I wonder if you (or he) could comment on any returned function to his hands and fingers. We have a good friend who is a C5-C6 with slight finger movement that is not functional. Obviously having some finger/hand use would enable much more independance.

    Thanks in advance and best to Noah.

  7. #7
    Hey Feisty;

    Yep, a fortune. But it is not Project Walk that is expensive. It's actually a bargain compared to conventional institutionalized PT and OT, which normally cost between $175 and $200+ per hour. We have also seen plenty of that and most of it lacks the intensity of PW.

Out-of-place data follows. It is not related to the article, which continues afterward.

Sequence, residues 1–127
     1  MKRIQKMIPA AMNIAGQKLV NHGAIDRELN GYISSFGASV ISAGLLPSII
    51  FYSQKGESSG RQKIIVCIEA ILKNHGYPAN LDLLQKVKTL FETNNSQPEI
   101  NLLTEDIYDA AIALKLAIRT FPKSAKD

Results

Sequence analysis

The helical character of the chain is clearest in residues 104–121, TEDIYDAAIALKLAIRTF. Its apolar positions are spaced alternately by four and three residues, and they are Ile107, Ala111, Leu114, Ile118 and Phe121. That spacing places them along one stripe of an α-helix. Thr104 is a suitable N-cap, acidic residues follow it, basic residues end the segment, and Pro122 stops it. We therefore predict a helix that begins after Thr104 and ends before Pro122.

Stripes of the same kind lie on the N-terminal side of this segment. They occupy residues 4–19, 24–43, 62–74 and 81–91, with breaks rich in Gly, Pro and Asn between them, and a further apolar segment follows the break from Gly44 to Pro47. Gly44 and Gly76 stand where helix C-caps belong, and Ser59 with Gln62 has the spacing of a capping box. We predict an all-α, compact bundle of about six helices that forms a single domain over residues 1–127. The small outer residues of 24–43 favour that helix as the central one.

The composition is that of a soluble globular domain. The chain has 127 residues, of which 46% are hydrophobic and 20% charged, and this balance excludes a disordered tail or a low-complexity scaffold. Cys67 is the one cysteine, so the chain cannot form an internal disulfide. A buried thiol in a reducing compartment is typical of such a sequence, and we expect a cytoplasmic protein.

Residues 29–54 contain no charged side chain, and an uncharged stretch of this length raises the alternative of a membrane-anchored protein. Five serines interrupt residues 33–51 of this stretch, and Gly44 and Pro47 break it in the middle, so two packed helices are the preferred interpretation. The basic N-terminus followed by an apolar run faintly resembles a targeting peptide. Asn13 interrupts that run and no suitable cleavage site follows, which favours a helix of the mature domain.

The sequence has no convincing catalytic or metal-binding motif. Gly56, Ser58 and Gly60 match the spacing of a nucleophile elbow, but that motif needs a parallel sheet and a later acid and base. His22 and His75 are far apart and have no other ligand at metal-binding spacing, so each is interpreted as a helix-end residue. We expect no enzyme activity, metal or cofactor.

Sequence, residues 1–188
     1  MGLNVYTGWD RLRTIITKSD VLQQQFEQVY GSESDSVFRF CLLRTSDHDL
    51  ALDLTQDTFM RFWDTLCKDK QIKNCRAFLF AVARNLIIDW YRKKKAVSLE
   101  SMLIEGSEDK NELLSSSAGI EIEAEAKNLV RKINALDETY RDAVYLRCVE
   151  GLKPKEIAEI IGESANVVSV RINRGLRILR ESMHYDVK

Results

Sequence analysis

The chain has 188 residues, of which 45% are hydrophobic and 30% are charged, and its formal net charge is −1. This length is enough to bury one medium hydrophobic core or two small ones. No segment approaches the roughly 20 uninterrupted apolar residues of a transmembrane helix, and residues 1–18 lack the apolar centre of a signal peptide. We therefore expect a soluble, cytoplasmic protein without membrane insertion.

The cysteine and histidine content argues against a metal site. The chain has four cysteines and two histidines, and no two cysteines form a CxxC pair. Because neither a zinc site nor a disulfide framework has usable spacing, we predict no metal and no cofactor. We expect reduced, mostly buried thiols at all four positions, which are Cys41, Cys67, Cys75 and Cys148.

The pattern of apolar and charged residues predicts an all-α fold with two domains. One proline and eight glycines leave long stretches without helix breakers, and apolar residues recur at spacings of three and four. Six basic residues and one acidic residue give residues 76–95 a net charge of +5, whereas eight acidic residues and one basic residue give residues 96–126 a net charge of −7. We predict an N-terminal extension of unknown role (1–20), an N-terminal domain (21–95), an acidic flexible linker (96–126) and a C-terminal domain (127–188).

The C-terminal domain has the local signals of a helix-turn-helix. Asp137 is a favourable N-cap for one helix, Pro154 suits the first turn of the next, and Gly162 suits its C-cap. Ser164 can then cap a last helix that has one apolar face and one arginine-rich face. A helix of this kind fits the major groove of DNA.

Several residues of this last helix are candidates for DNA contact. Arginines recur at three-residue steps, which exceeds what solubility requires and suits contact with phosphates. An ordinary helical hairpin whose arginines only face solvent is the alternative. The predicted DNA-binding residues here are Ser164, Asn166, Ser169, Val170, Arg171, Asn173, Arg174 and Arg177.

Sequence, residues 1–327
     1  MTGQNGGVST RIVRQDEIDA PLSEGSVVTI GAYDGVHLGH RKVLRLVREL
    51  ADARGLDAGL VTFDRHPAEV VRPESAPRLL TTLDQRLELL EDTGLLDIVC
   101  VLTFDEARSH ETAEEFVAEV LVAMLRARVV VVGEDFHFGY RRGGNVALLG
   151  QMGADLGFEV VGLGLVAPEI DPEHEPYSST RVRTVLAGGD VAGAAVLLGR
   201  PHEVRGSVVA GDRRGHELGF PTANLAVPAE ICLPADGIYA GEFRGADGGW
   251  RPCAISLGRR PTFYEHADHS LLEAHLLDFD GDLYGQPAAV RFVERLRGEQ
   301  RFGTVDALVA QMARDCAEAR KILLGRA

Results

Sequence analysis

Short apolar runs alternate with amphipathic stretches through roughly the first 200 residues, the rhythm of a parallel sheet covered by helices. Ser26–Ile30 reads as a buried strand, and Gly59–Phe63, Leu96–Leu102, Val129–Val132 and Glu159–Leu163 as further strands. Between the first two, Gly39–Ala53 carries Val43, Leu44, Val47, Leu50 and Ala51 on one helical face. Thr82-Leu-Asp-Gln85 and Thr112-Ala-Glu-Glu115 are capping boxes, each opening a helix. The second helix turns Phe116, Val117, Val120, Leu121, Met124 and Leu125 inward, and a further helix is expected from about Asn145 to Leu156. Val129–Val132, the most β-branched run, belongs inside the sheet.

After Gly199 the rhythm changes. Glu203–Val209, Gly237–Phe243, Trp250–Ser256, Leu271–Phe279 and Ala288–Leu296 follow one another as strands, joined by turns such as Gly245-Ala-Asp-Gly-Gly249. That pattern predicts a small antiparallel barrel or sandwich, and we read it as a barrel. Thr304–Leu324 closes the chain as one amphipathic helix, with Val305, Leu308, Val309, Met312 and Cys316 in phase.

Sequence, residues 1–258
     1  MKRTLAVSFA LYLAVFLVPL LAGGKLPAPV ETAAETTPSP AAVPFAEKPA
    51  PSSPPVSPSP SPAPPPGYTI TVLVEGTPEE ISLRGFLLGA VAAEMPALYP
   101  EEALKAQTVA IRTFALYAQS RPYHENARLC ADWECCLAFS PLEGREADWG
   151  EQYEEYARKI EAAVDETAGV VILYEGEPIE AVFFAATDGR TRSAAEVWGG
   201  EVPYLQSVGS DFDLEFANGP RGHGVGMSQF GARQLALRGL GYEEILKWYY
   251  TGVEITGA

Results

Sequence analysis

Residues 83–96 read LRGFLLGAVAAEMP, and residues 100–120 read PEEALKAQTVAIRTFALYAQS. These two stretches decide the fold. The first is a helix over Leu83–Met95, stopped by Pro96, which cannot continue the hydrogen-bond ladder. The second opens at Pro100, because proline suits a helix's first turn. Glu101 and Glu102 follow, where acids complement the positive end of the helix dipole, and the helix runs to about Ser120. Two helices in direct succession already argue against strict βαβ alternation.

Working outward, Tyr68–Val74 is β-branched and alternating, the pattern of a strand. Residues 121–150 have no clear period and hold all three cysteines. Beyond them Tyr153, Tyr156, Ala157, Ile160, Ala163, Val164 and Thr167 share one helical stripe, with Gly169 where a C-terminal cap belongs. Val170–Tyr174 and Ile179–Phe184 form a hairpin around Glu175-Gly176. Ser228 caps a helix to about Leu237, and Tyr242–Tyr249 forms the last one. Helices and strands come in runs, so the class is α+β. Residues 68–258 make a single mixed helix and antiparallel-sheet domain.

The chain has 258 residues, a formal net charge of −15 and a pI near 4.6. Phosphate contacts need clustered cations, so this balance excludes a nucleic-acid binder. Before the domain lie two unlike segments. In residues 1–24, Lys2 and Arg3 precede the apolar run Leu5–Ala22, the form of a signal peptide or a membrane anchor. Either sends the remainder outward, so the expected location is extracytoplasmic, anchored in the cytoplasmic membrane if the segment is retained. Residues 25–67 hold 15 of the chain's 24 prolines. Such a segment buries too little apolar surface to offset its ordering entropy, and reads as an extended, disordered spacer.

But comparisons aside, what is expensive is SCI. It just keeps coming at you, as you well know. We are all in the same boat with the unending expense of these injuries. PW provides a legitimate alternative but it is not affordable to all, especially when you consider relocation costs. What should be standard care and covered by insurance AND Medicaid/Medicaire is available in maybe 4 or 5 places in the country and you must pay out of pocket.

    This reality of ongoing cost to stay healthy, of predictable and unpredictable complications that SCI so generously distributes to everyone who is injured, the necessity of a lifetime of hardware (catheters, wheelchairs, commodes, hand controls, meds, housing adaptations, etc., ad infinitum)....all of this gives credence to our need for restorative therapies.